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Are Mutual Funds That Bad?

Much of the literature on the Internet bashes mutual fund investing. The crux of the reasoning is that the vast majority of mutual funds under-perform the market, so why should investors put their money in mutual funds instead of low-fee index funds? Most of the time, mutual fund critics are correct. But just because many mutual funds are bad doesn't mean ALL mutual funds are bad.

To understand why mutual funds can be both good/bad investments, let's go over the advantages and disadvantages real quick:

Advantages of Mutual Funds

Instant diversification: If you choose stocks individually, you could get pummeled if you do not diversify. Mutual funds for the most part provide instant diversification. Of course, so does investing in Exchange Traded Funds or ETFs.

Expert investing: When you invest in a mutual fund, you have an expert (or at least someone pretending to be an expert) invest your money for you. If the mutual fund manager is in fact good, he can beat the market and outperform ETFs. If your manager is no better than a monkey, than you are just paying more fees for less performance.

Prevent Yourself From Making Mistakes: Perhaps the biggest advantage of mutual funds is preventing yourself from making an array of mistakes. Many investors who eschew mutual funds end up vastly under-performing the market because they trade too much, tend to buy high and sell low, do not diversify, or make too risky of investments.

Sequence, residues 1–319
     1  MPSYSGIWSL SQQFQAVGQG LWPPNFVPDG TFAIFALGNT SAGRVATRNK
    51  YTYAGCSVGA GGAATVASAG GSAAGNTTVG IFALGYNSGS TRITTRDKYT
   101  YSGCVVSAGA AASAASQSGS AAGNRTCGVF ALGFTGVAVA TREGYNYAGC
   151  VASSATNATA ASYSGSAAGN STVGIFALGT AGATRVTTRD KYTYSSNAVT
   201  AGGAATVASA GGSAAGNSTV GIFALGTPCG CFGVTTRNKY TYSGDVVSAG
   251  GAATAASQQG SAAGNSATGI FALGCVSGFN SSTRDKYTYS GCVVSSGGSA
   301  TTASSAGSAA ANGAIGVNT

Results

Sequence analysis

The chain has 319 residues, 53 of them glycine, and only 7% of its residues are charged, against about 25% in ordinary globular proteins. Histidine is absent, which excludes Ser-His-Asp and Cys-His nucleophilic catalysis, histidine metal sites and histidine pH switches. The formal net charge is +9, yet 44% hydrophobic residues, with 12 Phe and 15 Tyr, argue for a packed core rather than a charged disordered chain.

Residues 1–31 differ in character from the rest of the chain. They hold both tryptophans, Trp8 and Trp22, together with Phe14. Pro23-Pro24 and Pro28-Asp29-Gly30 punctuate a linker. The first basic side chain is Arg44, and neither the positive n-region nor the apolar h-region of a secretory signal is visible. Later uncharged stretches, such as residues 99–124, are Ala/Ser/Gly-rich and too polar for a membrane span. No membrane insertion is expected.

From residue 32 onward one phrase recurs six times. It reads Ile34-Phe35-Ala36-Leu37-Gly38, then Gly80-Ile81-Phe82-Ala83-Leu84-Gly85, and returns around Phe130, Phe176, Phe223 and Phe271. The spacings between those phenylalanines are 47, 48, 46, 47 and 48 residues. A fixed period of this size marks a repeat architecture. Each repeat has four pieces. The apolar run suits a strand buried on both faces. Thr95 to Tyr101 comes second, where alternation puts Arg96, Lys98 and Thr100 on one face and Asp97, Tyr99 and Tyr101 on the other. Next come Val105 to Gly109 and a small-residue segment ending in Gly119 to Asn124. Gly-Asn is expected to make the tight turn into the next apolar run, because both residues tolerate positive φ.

Disadvantages of Mutual Funds

Fees: Compared to most ETFs, mutual funds have higher fees. Some mutual funds charge exorbitant fees, up to 2-3% of assets plus a load. However, many mutual funds have a reasonable expense fee of about 1% of assets and no load. A mutual fund with a 1% expense fee has a reasonably good chance of outperforming the market if indeed the mutual fund manager is an expert in the field and is able to beat the market.

Asset Bloat: Often, once a mutual fund becomes popular, its swells up with investors' money. This makes it harder and harder for a mutual fund to beat the market. It is much easier for a fund to invest $500 million than $50 billion. By getting bloated with investors' money, the mutual fund is forced to only invest in large and mega-cap companies. If a $50 billion fund found a $500 million company to be a good buy, it could only devote a very small percentage of its asset base into the company. After all, just 1% of its funds could buy the company outright!